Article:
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© Didier MERLE / Philippe LOUBRY / CR2P / MNHN / CNRS Images



Cassiope’s colours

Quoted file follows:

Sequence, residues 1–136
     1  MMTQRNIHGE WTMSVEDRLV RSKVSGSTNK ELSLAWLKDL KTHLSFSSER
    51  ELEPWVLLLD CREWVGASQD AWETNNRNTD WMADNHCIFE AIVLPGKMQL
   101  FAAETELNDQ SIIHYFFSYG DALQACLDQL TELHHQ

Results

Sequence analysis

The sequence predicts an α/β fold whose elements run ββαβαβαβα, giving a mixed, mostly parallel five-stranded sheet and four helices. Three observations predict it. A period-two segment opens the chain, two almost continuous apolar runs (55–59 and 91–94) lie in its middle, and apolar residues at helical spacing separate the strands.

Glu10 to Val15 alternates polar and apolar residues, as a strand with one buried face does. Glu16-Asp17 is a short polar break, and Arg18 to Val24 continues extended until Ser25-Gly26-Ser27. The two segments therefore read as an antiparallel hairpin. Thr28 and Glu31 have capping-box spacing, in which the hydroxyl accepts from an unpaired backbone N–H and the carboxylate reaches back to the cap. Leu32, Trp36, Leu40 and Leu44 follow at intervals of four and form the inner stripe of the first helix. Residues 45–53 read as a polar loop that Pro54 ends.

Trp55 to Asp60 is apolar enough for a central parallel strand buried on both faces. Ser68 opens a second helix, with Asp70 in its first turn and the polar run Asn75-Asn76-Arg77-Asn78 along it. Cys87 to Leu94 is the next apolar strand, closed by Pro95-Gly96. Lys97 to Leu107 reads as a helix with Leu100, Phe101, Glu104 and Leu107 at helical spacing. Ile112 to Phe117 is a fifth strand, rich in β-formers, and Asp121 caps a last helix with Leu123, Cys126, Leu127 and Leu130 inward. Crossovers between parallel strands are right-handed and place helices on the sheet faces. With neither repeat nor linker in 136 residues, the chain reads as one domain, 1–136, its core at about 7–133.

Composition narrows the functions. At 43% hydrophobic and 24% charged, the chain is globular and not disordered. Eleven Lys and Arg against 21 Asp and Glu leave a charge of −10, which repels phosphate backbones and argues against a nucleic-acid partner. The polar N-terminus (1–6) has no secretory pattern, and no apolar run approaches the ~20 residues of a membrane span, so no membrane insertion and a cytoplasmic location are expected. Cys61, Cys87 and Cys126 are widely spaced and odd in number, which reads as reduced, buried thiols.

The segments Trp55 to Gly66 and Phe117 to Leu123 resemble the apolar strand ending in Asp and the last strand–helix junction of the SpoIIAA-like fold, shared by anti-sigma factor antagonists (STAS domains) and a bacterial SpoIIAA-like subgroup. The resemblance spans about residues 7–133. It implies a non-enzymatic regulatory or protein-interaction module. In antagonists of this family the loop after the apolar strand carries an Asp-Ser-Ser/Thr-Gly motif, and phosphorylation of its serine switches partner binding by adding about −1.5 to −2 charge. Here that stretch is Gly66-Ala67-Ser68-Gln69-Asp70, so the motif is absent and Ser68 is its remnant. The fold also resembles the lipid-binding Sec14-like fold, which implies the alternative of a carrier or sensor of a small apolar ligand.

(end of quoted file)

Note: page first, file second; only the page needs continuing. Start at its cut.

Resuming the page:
This is a small, remarkably well-preserved gastropod of the genus Cassiope. The beautiful turriculate shell was discovered in Edelbach, Austria, in a fossil site dated to around 90 million years ago. The colourful pattern it sported when alive is revealed under ultraviolet light. Almost undetectable to the naked eye, it is arranged in several rows of spots: the pale areas (white and light yellow) correspond to the parts that contained a high concentration of pigments, the composition of which remains to be discovered; while the dark areas (grey, green and bluish) were less rich in pigments. In the animal world, colour can have various adaptive functions, such as camouflage, warning of predators, intraspecies communication, etc. In molluscs such as gastropods and bivalves, fossils are the only materials that can provide data about the evolution of their colour over millions of years. This image is a winner of the 2021 La preuve par l'image (LPPI) competition.

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